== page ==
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Tuesday, November 17, 2015

November 17, 1980

Well, after a couple of days off, it's back to the blog once more.  And today, we're going to be doing another Tuesday Timeline entry!  I have to tell you, I love doing these things!

In today's case, we're going to be making this one music themed.  It's got to do with an iconic album that didn't initially take off when it was first released...but after a tragic event became one of the biggest albums of its time.

But I've said way too much about that. 

As always, before we launch ahead with today's chosen topic, we should probably get a gander at what was happening in the world on the seventeenth day of November throughout history.  Off we go!

1511 - Henry VIII concludes the Treaty of Westminster

1558 - Following the death of Queen Mary I, she is succeeded by her sister, Elizabeth I, commencing the Elizabethan era

1603 - Sir Walter Raleigh goes on trial for treason

1800 - The United States Congress holds its first session in Washington, D.C.

1820 - Nathaniel Palmer becomes the first American to see the frozen continent of Antarctica

1863 - The Siege of Knoxville begins during the American Civil War

1896 - The Western Pennsylvania Hockey League began play at Pittsburgh's Schenley Park Casino

1925 - Actor Rock Hudson (d. 1985) is born in Winnetka, Illinois

1947 - An anti-Communist loyalty oath is implemented by the Screen Actors Guild

1962 - President John F. Kennedy inaugurates the Washington Dulles International Airport

1966 - Singer-songwriter Jeff Buckley (d. 1997) is born in Anaheim, California

1968 - Football fans all over the eastern United States are angered when the conclusion of the Raiders-Jets football game to air the television movie "Heidi" on NBC

1973 - Richard Nixon famously utters the phrase "I am not a crook" in retaliation to him being linked to the Watergate scandal

1982 - Reforms are made in the sport of boxing following the death of Duk Koo Kim as a result of injuries sustained during a match against Ray Mancini

1993 - The United States House of Representatives passes the resolution to establish the North American Free Trade Agreement

1998 - "Good Times" actress Esther Rolle dies at the age of 78

2000 - A devastating landslide takes place in Slovenia, causing millions in damages and killing seven

2010 - Talk show host Jimmy Kimmel hosts the first "National Unfriend Day"

2014 - "What Becomes of the Brokenhearted" singer Jimmy Ruffin dies at the age of 78

And a very happy birthday goes out to the following famous faces; Robert Brown, Fenella Fielding, Rance Howard, Gordon Lightfoot, Martin Scorsese, Lauren Hutton, Danny DeVito, Lorne Michaels, Roland Joffe, Petra Burka, Howard Dean, Butch Davis, Stephen Root, Mary Elizabeth Mastrantonio, William R. Moses, RuPaul, Jonathan Ross, Ralph Garman, Kate Ceberano, Daisy Fuentes, Sophie Marceau, Tab Benoit, Ronnie DeVoe, Leonard Roberts, Leslie Bibb, Brandon Call, Diane Neal, Zoe Bell, Rachel McAdams, Isaac Hanson, Sarah Harding, Katie Feenstra-Mattera, Hollie Smith, Harry Lloyd, Raquel Castro, and Ruby Jane Smith.

I tell you...November 17 must have been celebrity birthday central!  Holy birthdays, Batman!

Okay, so let's see what date we're going back to this week.

Ah, November 17, 1980!

Obviously 1980 was a year in which I do not remember.  At all.  Mainly because for the last part of the year, I was a fetus.  And, looking back on 1980, I'm kind of glad that I missed out on it.  It was a year in which Mount St. Helens blew a gasket, Led Zeppelin broke up, and where a massive summer heat wave killed 1,700 people all over North America.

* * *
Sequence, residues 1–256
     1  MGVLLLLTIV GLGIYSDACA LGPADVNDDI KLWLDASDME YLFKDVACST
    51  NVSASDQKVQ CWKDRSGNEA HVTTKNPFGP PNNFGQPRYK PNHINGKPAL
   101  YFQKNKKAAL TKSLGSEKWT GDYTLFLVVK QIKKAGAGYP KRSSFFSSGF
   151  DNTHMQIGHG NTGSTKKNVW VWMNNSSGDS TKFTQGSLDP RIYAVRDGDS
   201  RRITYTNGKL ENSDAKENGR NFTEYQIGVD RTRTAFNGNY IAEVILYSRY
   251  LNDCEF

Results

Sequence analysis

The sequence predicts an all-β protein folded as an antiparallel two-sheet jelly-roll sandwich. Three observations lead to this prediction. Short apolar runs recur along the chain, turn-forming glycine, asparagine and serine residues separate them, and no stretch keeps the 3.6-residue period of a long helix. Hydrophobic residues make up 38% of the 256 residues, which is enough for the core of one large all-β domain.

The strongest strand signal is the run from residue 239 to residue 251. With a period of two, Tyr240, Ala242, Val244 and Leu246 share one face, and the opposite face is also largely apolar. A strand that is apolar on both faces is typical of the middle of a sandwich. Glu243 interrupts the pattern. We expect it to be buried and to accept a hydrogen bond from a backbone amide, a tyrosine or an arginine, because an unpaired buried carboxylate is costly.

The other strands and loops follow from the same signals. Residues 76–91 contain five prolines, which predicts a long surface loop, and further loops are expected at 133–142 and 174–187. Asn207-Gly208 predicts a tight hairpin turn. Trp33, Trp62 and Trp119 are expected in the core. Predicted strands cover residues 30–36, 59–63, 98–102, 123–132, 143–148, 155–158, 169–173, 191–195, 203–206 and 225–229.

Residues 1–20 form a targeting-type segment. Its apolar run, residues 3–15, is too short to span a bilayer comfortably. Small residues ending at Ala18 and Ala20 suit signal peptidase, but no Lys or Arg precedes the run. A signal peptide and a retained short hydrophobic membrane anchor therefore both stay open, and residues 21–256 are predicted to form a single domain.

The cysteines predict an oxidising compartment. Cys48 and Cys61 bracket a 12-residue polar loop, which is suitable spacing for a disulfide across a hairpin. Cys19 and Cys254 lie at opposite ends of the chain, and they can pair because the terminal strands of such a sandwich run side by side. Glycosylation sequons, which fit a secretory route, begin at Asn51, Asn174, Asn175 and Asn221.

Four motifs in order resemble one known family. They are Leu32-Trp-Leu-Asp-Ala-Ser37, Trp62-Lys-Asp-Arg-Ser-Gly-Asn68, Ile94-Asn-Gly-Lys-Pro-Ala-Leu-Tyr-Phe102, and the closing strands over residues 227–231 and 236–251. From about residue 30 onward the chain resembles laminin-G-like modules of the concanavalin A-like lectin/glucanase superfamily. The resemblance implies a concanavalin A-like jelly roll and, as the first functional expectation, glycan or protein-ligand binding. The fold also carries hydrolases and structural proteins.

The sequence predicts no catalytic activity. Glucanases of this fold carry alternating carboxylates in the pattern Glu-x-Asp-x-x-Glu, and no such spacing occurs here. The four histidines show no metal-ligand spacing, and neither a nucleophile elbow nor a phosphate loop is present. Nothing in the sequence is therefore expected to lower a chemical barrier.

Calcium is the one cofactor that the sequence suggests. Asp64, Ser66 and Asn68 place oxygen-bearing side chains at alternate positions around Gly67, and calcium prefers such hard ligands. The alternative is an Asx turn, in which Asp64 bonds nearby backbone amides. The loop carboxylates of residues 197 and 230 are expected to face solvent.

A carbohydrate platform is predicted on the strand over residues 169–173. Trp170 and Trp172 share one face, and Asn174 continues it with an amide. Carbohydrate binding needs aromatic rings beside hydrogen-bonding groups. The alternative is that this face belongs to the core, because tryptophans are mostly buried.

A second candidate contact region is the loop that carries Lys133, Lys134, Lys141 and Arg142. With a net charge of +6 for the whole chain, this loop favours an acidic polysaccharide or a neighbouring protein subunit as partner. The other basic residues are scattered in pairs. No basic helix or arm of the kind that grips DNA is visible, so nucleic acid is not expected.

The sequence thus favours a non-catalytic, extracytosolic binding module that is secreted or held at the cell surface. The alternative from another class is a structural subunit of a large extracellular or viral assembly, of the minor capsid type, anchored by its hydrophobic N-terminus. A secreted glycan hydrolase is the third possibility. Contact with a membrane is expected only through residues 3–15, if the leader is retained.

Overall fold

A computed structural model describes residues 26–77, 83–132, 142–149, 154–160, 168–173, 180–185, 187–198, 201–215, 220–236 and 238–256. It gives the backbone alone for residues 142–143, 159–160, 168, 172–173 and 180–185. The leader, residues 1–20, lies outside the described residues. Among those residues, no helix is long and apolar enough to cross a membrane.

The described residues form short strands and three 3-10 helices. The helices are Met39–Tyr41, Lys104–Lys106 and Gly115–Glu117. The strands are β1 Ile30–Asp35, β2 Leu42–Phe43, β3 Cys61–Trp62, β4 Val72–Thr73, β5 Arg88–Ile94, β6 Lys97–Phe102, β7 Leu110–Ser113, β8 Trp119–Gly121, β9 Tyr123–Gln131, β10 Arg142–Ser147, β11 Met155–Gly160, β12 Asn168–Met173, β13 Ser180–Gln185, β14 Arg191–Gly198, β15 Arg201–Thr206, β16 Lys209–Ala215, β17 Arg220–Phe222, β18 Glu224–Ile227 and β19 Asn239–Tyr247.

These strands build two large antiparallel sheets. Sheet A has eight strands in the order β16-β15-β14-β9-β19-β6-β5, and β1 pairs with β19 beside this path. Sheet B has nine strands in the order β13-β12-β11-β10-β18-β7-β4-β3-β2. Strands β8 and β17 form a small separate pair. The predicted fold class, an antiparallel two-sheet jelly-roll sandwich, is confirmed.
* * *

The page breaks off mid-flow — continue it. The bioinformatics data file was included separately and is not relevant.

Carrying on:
And as the year 1980 came to a close, we saw any hopes of a full-fledged Beatles reunion fade away forever when on December 8, John Lennon was shot and killed in front of his New York City apartment.  He was just 40 years old.

Tragically, his death came just three weeks after he released what would be his final album while he was still alive.  An album that was initially panned by critics, but managed to surge in popularity by the beginning of 1981.  In fact, "Rolling Stone" has ranked this album as the twenty-ninth greatest album of the top one hundred albums of the 1980s.  And at the 24th Annual Grammy Awards ceremony, this album won "Album of the Year".

Not bad, considering that the album itself only had three major single releases.  But, I guess you could consider this album a collaborative work between Lennon and wife Yoko Ono, who collaborated together on the album.  I guess you could say that both of them had the dream of releasing an album together that acted as a musical dialogue between husband and wife.

That fantasy came true on November 17, 1980 when the album was released.  I guess you could call it a "double fantasy".

In fact, that's what they called the album itself!  And thirty-five years ago today, "Double Fantasy" was first released!

Now, this album was the first album that Lennon had released since the birth of his son Sean in 1975.  And it wasn't until a fateful outing in the summer of 1980 that Lennon made the decision to release another album.  He was on a sailing trip from Rhode Island to Bermuda, and while they were out at sea, a strong storm struck the area, making the conditions of the water very choppy.  They were so bad that the majority of the crew that sailed along with Lennon became ill.  Lennon was one of the few on board who didn't feel any symptoms, so he ended up taking the wheel of the ship for a few hours.  During this time, he really began contemplating about how life was so short, and how empowered he was in the middle of the ocean and how it was from that experience that all of these song ideas came to him.